The One Question that Matters for Altria Stock

The One Question that Matters for Altria Stock

Altria (NYSE:MO)

stock is essentially flat after the company reported a miss in both revenue and earnings in its quarterly earnings report. The company delivered revenue of $5.41 billion which was shy of analysts’ estimates for $5.59 billion. Earnings were a narrower miss, with Altria posting $1.28 earnings per share (EPS). Analysts were forecasting EPS of $1.30. 

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The top line number was also lower on a year-over-year basis, but the earnings numbers showed a slight gain. It’s important to note that while the company did narrow its projected range, it still expects full-year EPS to be higher in 2022 than in the prior year. The company is now saying EPS will fall in a range of $4.81 to $4.89. This is higher than the $4.61 reported for the full year in 2021 and shows a growth of 4.5% on the low end.  

Moving Towards a Smokeless Future 

A highlight of the report was the announcement of a partnership between Altria and JT Group (Japan Tobacco). The goal is to commercialize heat-not-burn cigarettes, including Japan Tobacco’s product, Ploom. The first objective of this partnership will be for Altria to obtain regulatory approval for Ploom in the United States. 

This is the latest effort by Altria to expand its oral tobacco business. To that end, the company also announced it was exercising its option and exiting the non-compete agreement it had with Juul. This will give Altria the ability to partner with another e-cigarette company or relaunch its brand, which it exited in 2018 when it purchased a stake in Juul.  

What’s the Link Between Smoking and Recessions? 

Investors should ask whether they believe consumers will cut back on smoking cigarettes. In Altria’s presentation to investors, it showed a 3% decline in cigarette sales from this quarter to the same quarter in 2021. That’s about double the industry average, and it’s not a trend that started in 2021.  

But here’s what investors should note. In 2020, the decline in cigarette sales reversed. That’s not to say they increased, but they didn’t go down. Altria CEO Billy Gifford pointed out on the conference call that the company never viewed 2020 as anything more than an anomaly.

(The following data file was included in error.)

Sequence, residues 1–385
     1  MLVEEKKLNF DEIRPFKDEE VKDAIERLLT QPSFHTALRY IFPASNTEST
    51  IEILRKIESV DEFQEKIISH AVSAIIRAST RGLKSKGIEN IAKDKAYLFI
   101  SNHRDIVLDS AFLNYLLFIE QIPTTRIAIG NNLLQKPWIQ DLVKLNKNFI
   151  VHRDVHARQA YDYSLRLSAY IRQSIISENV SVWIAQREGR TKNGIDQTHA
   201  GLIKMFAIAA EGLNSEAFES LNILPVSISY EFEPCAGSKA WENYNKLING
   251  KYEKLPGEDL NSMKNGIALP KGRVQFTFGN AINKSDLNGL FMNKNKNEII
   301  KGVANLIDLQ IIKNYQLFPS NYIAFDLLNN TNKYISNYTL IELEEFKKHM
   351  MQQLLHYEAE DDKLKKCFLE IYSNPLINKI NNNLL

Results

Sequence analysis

That may be true, but sin stocks have a way of delivering the goods in terms of revenue and earnings, even during difficult times.  

If consumers do stick with their habit, here’s something else that the company showed in its earnings presentation: Consumers have more brand loyalty to cigarettes than alcohol, groceries or other household items, regardless of price. Altria is home to the Marlboro brand, which captures over 58% of the premium segment, which you might think will be less impacted in a recession.  

Is MO Stock a Buy?  

Prior to the earnings report, MO stock was rated as a “hold” by the analysts tracked by MarketBeat. For the first half of 2022, MO stock was on the rise. In fact, in early May (prior to the first interest rate hike), the stock was up 19% for the year. Post earnings, the stock is basically flat but still outperforms the broader market. 

The stock did cross above its 50-day moving average and bumps up against its 200-day moving average. For now, that looks to be an area of resistance.
Can MO stock push through? History suggests it might. The period after a midterm election is typically bullish for stocks. Even if it’s not, you get a solid dividend to boost your total return. Currently, the stock pays out $3.76 per share on an annual basis and an 8.14% dividend yield. Plus, the company has increased its dividend for the last 12 consecutive years.